Statistics project
Order Instructions:
For this project you are to conduct an Experiment. You will need to provide a detailed description
of your project, highlighting how the data were obtained, the variables used (including units), and
your objective. Your project needs to be typed and plots can be made using any software of your
choice. Only one project (with each member’s name) per group needs to be submitted. After
providing the description, please answer in detail the four questions below. Your project should
include all the observations used.
1. (25%) State your experiment’s objective in terms of the Null and Alternative Hypotheses.
2. (25%) Test your Null hypothesis at the 5% level of significance. Make sure to check that all the
conditions/assumptions have been met.
3. (25%) Construct a 90% confidence interval for the parameter of your null hypothesis.
4. (25%) What is the probability that you observe a value of 0 that is 1 standard deviation greater
than your estimated value (based on your sample) of the parameter.
SAMPLE ANSWER
Statistics project
Introduction
Following the recent trend on the global systolic blood pressure, it became imperative to conduct an experiment with an aim of identifying the factors that cause blood pressure. As a result, an experiment was conducted to identify whether age in years and weight in pounds are significant predictors of an individual’s systolic blood pressure. It is notable that it was important to use data collected from secondary sources because of the difficulties involved in collecting data for some variables. Simply put, it is difficult to collect data on the systolic blood pressure (manually) of individuals because of the instruments used in measuring the same variable. It is undeniable that only professionals in the health and medical industry have the capacity to collect data on systolic blood pressure. It follows that data used for the upcoming analysis was retrieved from (http://college.cengage.com, n.p). This paper uses multiple regression analysis to identify whether age in years and weights in pounds are significant predictors of an individual’s systolic blood pressure.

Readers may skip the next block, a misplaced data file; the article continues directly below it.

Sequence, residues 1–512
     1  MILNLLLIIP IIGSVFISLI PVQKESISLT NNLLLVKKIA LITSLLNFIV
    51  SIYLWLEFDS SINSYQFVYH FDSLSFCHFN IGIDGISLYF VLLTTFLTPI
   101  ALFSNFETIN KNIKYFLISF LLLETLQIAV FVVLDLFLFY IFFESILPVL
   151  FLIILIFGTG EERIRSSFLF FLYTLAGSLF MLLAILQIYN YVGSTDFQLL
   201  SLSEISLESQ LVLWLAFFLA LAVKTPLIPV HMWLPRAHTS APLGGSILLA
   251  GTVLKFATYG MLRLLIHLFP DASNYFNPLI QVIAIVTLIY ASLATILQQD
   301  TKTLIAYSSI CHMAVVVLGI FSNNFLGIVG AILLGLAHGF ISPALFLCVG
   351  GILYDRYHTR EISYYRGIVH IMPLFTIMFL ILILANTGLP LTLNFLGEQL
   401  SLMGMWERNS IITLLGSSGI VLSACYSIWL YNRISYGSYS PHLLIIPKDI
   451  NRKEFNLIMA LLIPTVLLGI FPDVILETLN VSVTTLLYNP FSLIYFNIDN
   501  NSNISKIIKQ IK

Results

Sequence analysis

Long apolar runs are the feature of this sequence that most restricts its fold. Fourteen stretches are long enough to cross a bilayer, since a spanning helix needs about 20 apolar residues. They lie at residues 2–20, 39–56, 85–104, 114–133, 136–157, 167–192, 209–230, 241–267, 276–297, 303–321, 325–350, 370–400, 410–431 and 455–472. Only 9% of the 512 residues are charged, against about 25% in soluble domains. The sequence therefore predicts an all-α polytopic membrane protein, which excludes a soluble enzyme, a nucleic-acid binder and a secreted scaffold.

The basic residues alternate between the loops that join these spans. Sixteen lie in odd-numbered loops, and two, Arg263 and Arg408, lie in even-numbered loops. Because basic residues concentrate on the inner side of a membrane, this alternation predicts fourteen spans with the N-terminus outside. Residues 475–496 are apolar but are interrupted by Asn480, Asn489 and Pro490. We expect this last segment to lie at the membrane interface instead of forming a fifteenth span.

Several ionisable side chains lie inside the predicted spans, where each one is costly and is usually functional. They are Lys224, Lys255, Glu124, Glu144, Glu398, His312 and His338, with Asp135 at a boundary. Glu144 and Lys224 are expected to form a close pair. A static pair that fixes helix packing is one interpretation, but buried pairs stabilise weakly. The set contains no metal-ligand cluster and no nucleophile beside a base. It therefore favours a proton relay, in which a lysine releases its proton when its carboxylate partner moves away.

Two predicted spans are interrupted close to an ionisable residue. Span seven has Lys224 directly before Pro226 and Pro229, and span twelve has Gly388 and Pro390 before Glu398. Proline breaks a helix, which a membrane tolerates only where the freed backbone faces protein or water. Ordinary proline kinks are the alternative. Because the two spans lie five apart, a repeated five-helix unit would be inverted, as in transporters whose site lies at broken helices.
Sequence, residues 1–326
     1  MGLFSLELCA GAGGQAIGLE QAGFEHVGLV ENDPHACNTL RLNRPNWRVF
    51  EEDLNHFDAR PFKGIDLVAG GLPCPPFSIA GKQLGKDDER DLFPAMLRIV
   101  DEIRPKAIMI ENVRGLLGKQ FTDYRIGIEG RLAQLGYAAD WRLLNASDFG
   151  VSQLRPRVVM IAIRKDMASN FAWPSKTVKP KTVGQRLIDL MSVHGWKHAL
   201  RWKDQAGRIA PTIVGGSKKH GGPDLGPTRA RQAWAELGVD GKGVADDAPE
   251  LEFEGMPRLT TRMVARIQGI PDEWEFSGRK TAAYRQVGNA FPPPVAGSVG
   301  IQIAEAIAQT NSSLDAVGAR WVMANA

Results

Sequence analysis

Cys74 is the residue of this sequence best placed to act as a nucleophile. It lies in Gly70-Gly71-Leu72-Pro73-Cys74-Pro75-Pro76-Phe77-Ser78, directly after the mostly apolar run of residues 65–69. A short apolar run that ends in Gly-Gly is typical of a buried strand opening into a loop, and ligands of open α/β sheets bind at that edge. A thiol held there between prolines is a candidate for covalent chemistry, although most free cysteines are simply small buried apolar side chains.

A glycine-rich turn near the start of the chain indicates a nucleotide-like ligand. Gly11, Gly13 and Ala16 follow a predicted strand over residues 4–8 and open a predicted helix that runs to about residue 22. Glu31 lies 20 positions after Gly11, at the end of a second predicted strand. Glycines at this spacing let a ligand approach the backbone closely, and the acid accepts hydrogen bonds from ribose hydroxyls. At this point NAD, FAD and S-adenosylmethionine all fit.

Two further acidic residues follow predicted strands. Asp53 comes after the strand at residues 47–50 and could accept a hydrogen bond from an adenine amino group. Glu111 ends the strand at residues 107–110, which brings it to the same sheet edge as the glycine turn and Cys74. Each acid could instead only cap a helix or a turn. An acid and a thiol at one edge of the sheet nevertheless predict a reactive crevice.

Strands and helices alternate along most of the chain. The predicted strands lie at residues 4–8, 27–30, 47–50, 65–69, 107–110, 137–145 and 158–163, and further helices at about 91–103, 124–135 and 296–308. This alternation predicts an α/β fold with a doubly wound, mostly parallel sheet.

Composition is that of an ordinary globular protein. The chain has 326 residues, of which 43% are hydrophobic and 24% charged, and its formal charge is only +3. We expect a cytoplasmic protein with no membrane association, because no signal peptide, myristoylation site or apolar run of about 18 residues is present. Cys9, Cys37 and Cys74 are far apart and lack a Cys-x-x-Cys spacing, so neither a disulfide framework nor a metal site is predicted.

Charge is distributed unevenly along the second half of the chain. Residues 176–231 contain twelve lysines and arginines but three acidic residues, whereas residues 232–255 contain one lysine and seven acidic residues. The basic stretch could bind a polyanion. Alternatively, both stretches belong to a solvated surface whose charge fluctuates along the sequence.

State your experiment’s objective in terms of the Null and Alternative Hypotheses
In order to complete the experiment successfully, the null and alternative hypotheses were used. In simple terms:
H_{0}: Age in Years and weight in pounds are not significant predictors of systolic blood pressure.
Against
H_{1}: Age in Years and weight in pounds are significant predictors of systolic blood pressure.
Test your Null hypothesis at the 5% level of significance. Make sure to check that all the
conditions/assumptions have been met.
It is crucial to point out that the following assumptions were made.
Assumption 1: for i=1, 2…N. this assumption could be understood as the expectation
for the error terms or deviations is assumed to be zero.
Assumption 2: for i=1, 2…N. That is, the variance of the error terms is constant.
This assumption is termed as homoscedasticity, or homogeneity of variances.
Assumption 3: . This could be explained as the error terms have a normal distribution with mean zero and variance.